We arrived in the afternoon and enjoyed welcome cocktails on the pool terrace-two pina coladas for me.  After a light lunch of fruit and ceviche, we swam in the infinity pool.  It connects to a circular deepwater section that would be a wonderful training area for scuba divers.  The deep area was off-limits for our game of Marco Polo.  We did some “sun” bathing on a cloudy afternoon until the showers came.  All of us fell asleep in the sun to be woken by the raindrops.  Next was casual dress for dinner under the palapa.

Ready for dining under the palapa.
© Jean Janssen

Ivanava had hired a local chef for the week and we enjoyed a wonderful dinner of shish kabobs, rice, and beans.  The meal started with a sweet corn soup.  Not only was the food delicious, the presentation was lovely.  The chef prepared the meal next to our table and the process provided our evening’s entertainment.  We enjoyed wine from the adjacent cave.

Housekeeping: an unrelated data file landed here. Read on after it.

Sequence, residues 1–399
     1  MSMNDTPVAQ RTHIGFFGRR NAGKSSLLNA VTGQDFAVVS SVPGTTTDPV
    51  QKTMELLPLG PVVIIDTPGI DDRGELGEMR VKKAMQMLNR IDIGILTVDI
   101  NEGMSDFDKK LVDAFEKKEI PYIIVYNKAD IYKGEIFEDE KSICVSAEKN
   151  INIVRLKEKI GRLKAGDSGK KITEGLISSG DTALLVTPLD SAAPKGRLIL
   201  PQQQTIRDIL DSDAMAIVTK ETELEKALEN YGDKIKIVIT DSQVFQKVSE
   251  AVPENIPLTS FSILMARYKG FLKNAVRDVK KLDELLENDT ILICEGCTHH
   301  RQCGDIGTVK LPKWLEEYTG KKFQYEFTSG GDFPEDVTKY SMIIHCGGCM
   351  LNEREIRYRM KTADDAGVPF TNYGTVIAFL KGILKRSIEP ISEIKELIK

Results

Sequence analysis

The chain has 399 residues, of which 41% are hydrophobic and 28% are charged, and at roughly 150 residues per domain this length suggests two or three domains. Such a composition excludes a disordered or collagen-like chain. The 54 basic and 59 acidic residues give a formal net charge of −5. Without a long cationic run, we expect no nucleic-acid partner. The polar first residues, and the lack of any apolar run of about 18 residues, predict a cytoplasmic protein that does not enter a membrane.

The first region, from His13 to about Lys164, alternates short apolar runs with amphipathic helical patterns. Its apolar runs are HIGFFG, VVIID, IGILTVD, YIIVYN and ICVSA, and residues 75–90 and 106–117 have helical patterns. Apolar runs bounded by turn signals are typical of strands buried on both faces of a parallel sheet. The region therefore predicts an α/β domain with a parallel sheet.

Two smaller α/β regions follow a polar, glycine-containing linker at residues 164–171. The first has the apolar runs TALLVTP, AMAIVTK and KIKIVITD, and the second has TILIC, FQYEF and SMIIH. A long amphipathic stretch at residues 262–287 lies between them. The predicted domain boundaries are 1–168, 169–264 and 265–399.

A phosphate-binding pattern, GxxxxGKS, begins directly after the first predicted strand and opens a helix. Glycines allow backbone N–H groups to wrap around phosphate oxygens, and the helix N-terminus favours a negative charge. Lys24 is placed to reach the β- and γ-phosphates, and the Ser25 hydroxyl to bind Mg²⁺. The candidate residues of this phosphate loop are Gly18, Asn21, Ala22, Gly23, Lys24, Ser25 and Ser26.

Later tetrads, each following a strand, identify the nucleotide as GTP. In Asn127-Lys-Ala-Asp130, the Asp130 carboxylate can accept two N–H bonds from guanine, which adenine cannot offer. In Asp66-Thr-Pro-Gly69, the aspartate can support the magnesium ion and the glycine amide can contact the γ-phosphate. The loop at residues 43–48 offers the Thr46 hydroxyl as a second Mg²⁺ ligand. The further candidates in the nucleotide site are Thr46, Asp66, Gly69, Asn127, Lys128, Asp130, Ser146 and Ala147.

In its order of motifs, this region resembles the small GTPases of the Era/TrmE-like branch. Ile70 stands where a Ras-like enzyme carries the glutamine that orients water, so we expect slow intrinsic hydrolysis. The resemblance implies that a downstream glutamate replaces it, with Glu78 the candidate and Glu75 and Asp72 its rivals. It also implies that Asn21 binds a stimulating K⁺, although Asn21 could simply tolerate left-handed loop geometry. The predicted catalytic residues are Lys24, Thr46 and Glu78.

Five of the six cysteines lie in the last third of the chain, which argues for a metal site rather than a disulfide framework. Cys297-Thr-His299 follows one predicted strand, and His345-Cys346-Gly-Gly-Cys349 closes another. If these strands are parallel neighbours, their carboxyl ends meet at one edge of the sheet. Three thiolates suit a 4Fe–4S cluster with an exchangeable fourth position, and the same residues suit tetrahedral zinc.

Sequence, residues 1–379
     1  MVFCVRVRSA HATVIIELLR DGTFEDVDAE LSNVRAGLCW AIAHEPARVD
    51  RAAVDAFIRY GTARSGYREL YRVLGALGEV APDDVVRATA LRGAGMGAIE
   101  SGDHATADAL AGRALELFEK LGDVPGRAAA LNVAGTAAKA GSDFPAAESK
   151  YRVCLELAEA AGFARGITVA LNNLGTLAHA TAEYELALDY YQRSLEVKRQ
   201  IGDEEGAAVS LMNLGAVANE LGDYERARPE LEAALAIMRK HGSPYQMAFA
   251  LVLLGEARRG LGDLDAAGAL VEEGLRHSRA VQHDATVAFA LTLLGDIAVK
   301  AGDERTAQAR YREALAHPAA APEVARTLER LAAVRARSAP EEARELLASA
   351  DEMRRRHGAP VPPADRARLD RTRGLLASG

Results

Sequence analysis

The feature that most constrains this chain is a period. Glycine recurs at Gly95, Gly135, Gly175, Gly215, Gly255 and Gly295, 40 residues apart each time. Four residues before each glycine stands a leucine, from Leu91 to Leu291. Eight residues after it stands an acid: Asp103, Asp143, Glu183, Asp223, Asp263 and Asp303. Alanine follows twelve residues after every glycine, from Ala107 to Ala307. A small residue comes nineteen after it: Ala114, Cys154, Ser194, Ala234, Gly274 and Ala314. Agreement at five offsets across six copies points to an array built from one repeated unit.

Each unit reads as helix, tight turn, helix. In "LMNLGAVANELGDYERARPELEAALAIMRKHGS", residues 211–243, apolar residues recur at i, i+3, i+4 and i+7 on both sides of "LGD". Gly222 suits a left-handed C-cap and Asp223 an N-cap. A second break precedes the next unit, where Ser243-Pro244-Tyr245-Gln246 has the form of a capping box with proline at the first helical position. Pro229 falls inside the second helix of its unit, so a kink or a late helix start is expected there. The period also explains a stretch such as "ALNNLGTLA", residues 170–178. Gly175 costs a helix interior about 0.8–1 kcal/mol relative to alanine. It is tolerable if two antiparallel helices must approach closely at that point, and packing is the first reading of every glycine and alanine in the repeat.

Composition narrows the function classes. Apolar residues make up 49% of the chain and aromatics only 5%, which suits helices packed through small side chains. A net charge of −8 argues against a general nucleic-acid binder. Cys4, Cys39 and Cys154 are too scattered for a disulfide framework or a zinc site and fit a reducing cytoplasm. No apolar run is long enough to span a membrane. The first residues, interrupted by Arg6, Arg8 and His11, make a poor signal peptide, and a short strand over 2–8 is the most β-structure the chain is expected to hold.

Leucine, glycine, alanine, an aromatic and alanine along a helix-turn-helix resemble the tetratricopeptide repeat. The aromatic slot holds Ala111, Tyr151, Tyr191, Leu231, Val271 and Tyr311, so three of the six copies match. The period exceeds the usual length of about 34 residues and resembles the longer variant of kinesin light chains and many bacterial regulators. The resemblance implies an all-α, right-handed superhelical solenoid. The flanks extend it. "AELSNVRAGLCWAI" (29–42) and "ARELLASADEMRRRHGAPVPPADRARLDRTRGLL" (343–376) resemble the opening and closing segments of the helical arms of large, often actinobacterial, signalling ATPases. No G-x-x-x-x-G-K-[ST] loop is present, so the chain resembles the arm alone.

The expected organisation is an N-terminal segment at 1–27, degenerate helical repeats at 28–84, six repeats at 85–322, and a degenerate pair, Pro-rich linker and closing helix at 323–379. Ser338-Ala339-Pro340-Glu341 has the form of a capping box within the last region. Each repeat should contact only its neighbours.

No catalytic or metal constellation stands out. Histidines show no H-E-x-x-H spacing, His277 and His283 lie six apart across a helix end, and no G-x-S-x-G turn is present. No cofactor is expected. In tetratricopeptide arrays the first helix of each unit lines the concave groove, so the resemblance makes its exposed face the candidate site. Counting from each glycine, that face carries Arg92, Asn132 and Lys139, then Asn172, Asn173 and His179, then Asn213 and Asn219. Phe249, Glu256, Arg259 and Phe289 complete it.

We watched the sunset from the pool terrace.  After dark, we headed to the game room to choose from among the hundreds of movie DVDs our host had.  I will sleep well tonight.

About travelbynatasha

I am a retired attorney who loves to travel. Several years ago I began working on a Century Club membership achieved by traveling to 100 "foreign" countries. Today, at 49 years of age the count is at 82. Many were visited on land based trips. Some were cruise ports. Some were dive sites. Most have been fascinating.